BY DESMOND CHINGARANDE
THE High Court has frozen an account at NMB Bank after US$300 000 was deposited into it with inadequate information on its origins, leading to authorities suspecting money laundering.
This was after Misheck Mudyariwa, whose NMB account was credited with US$300 000 had filed a court application trying to stop his bank from freezing his account.
He argued that the deposit was payment from a contract he had with a South African company.
But High Court judge Justice Manzunzu ruled in favour of NMB saying the details of the money must satisfy the bank in order for them to release the funds.
Through his legal practitioner, Advocate Tawanda Zhuwarara, Mudyariwa wanted an order to be granted to allow him to withdraw the funds within 48 hours from the date of order.
Court documents state that the US$300 000 was deposited into his account on March 24, 2022.
However, the transaction did not show any record on the mirror account T24 core Banking System. This then raised questions of legitimacy of the funds.
NMB then suspected the funds could be proceeds from money laundering because it was expected that Mudyariwa’s card should have a contra T24 record that provides origins of the funds.
The bank said it has statutory obligations to freeze the funds pending investigations. Mudyariwa is said to have failed to identify and verify the identity of the originator during investigations, including providing the originator’s address, identity number, or date and place of birth as stipulated by section 27 of the Money Laundering and Proceeds of Crime Act, [Chapter 9:241 (the Act).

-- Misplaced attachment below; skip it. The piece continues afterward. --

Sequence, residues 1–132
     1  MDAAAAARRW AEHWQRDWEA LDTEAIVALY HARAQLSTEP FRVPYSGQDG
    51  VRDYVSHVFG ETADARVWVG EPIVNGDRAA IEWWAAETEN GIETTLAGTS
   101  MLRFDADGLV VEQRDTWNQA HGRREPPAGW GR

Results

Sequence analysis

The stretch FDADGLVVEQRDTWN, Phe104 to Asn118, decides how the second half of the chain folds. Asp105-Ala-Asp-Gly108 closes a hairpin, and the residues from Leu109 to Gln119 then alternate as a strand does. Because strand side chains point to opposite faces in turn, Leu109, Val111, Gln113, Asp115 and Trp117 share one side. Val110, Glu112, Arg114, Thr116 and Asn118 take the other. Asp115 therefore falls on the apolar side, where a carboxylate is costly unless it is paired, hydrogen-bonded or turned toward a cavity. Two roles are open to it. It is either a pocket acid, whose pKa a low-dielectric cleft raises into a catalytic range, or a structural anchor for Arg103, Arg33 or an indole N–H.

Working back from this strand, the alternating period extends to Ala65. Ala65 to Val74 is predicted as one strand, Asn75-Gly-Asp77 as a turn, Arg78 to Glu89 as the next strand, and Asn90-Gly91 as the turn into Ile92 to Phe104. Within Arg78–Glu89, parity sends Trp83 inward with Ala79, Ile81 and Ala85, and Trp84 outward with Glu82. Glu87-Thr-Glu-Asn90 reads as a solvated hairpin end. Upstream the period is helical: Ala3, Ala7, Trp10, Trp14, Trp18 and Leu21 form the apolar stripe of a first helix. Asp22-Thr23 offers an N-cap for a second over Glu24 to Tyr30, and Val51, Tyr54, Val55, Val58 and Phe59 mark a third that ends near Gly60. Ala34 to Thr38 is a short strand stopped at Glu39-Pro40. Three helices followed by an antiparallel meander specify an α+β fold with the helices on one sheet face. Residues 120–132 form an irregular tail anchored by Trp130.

He, however, said he obtained a loan from two SA companies, and produced a document which was an agreement between him and the companies.
Mudyariwa said he did not know the directors of the two South African companies, but only identified one as Gwekwerere.
NMB then reported the matter to the Financial Intelligence Unit of the Reserve Bank of Zimbabwe on May 7, 2021 and later to the police.
In his ruling, Justice Jacob Manzunzu said: “It is mandatory as per section 27 of the Money Laundering and Proceeds of Crime Act for the respondent to have the information of the originator of the funds. The bank systems could not pick the funders details thereby raising suspicion that the funds could be illegitimate.
“It even became more so when a Mr Gwekwerere, who was brought into the picture by the applicant, refused to identify the funders and gave reasons for such refusal which may amount to a breach of the law within the funders location.”
The judge said it was inappropriate at this stage to order the bank to unfreeze the account.
“The application be and is hereby dismissed with costs,” Manzunzu ruled.